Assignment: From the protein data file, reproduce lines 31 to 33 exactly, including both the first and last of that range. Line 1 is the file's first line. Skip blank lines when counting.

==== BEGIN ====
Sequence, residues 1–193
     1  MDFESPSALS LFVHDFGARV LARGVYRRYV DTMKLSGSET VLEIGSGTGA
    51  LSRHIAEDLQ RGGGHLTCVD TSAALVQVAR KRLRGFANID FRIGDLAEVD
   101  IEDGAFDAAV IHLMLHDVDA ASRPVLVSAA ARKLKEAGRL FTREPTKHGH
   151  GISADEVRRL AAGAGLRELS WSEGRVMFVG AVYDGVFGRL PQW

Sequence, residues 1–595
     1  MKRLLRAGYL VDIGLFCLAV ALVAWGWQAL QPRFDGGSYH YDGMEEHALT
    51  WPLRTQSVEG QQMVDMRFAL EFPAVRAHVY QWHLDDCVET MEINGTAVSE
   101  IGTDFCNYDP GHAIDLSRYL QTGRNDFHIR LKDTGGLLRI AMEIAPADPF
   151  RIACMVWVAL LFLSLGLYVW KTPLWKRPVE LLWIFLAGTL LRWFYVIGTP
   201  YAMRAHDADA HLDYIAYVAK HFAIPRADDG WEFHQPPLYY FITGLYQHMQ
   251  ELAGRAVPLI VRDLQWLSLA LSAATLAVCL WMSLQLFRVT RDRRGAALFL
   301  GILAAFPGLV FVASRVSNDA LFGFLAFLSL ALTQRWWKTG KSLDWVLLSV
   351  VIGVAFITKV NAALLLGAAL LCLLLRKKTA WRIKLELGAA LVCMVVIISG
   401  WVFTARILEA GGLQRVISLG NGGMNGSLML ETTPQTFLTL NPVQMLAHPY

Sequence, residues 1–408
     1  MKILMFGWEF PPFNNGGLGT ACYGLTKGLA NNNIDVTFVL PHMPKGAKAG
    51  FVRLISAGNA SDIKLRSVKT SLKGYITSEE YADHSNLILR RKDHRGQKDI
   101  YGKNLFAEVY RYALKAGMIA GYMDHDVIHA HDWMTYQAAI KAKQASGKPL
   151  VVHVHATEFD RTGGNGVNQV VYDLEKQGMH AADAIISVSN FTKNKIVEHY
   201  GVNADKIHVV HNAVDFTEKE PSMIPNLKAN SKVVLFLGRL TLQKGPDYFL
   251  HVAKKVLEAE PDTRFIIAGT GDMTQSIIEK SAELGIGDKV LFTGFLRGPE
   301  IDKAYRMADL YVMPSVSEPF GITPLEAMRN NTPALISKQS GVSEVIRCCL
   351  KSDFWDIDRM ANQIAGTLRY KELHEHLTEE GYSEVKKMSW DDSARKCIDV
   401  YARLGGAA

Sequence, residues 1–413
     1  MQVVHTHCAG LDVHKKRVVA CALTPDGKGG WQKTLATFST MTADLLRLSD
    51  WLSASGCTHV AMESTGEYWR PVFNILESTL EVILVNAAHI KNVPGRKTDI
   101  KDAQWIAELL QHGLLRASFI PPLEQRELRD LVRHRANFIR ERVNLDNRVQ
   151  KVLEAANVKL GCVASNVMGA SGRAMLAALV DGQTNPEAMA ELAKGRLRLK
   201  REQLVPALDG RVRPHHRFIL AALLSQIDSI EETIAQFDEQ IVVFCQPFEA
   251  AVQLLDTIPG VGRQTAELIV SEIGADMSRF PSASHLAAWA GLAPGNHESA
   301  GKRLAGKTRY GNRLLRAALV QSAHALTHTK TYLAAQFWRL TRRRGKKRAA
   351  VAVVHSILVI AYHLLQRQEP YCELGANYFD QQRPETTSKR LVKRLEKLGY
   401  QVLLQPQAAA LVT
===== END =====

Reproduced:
   201  REQLVPALDG RVRPHHRFIL AALLSQIDSI EETIAQFDEQ IVVFCQPFEA
   251  AVQLLDTIPG VGRQTAELIV SEIGADMSRF PSASHLAAWA GLAPGNHESA
   301  GKRLAGKTRY GNRLLRAALV QSAHALTHTK TYLAAQFWRL TRRRGKKRAA